David Cameron paid tribute to what he called a "tough" but "compassionate" community, that can sometimes feel cut off.

He also talked about the work of the West Cumberland Hospital, and said its efforts demonstrated small, local general hospitals have an important role. "Big is not always beautiful," was his conclusion.

The Barrow MP John Woodcock then had the final question, asking if a review would consider whether you could still justify allowing guns used for sport to be kept at home.

The Prime Minister promised again to look at every aspect of the gun law, but said there was little evidence generally that weapons kept for sport were being used to commit crimes.

Jamie Reed MPHe then went off to meet Tony Cunningham and the Copeland MP Jamie Reed to discuss the Government's response to the shootings.

After that meeting Jamie Reed said the shape of any inquiry should be determined by his constituents rather than any politician, although we'll have to see precisely what that means.

There was some good news for the North East in PMQs with David Cameron confirming that the £20m grant to help Nissan produce electric cars in Sunderland would be paid out.

But he couldn't give the Houghton and Sunderland South MP Bridget Phillipson - called for the second week in a row - the same assurance on a plan to rebuild a school in her constituency.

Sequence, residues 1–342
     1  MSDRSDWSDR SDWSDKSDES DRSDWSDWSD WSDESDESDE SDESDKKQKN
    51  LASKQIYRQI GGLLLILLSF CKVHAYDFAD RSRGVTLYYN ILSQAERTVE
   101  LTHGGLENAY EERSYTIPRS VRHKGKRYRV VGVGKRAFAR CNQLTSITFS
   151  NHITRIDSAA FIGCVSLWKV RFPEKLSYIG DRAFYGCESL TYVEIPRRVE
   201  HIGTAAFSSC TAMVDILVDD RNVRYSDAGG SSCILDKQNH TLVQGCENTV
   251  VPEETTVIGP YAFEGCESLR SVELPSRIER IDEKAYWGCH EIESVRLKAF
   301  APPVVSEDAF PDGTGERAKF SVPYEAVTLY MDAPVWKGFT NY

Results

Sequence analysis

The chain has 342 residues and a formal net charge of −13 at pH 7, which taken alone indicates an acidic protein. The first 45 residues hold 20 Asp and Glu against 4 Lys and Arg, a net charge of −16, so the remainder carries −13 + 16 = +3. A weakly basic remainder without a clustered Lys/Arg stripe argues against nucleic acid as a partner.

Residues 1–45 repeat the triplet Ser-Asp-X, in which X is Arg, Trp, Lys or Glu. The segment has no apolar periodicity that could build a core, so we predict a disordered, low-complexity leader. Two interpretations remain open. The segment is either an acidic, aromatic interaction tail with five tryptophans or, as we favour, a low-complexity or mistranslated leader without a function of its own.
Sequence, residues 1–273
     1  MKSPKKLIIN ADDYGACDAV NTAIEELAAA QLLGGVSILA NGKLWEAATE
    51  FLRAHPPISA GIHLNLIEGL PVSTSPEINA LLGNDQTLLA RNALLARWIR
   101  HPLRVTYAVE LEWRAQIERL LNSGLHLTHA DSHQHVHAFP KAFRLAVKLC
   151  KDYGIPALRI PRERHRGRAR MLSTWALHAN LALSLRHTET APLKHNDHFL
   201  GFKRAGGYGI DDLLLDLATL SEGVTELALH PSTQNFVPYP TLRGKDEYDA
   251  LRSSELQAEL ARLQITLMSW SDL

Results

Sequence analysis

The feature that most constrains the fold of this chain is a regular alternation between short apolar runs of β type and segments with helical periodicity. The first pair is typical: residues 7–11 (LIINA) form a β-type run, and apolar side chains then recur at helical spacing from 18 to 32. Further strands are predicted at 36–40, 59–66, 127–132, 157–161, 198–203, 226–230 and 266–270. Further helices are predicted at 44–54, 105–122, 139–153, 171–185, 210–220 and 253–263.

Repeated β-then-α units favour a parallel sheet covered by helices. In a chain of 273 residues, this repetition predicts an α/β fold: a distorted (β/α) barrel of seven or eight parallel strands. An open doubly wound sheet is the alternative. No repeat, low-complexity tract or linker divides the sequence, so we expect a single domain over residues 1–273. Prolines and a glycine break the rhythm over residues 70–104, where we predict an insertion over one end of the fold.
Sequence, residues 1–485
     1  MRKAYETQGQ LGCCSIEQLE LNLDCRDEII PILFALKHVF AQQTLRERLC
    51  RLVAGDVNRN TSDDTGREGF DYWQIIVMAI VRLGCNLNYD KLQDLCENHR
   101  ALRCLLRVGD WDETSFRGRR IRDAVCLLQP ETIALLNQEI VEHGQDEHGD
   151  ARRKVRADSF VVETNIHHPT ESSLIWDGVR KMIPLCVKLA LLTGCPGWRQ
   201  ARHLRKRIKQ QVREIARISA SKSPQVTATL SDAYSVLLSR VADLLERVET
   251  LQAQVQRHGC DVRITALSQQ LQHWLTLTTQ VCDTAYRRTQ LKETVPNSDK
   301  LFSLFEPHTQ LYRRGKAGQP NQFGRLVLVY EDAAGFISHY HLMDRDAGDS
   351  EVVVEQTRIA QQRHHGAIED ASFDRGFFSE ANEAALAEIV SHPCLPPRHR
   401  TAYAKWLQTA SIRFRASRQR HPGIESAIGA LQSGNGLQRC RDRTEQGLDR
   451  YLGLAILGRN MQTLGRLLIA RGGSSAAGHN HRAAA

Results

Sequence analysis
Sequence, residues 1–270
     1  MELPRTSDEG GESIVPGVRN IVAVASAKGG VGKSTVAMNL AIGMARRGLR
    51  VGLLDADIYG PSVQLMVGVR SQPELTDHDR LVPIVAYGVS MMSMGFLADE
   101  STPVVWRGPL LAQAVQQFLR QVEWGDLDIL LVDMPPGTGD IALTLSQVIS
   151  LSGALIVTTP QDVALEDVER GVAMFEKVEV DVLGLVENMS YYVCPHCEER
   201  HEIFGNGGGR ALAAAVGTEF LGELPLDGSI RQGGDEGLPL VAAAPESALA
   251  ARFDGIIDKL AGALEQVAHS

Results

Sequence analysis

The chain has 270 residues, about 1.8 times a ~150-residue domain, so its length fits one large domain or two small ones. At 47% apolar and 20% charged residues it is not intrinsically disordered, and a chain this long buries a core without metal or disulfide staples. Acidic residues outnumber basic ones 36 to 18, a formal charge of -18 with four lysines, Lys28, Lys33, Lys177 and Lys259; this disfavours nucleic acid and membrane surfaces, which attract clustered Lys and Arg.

'Golden goodbye' payouts to North MPs could cost £1m

Richard Moss | 15:19 UK time, Tuesday, 8 June 2010


House of CommonsYou'd have thought one of the compensations of being an MP who stood down or lost their seat at the election would be avoiding any dodgy headlines about your finances.

But the Taxpayers' Alliance today has highlighted the amount of money many of those who've left the Commons are entitled to as "resettlement grants". Some have called them "golden goodbyes".

It adds up to more than a million pounds across the North East, Cumbria and North Yorkshire.

These grants are designed to ease the pain for MPs who've either retired or lost their seat. The idea is to help them cope with the sudden loss of their salary.

They're based on length of service and age.

And they can be worth a healthy amount.

Some of the MPs in our area are entitled to almost £65,000, according to the Alliance - a year's salary effectively.

That includes the likes of Durham North West's Hilary Armstrong, Carlisle's Eric Martlew, and Penrith and the Border's David Maclean.

Stephen ByersI can certainly imagine some people might take a dim view of payouts to North Tyneside's Stephen Byers. He was also entitled to almost £65,000, but of course his final days in the Commons were dominated by his famous claim to be a "cab for hire".

What neither the Alliance nor I can tell you though is whether any of these MPs accepted these payments either in part or in full.

But there was some talk before the election that one of the factors that may have persuaded many MPs to stand down at this election was the fact that these grants are likely to be far less generous in the future, so you have to suspect many will have been accepted.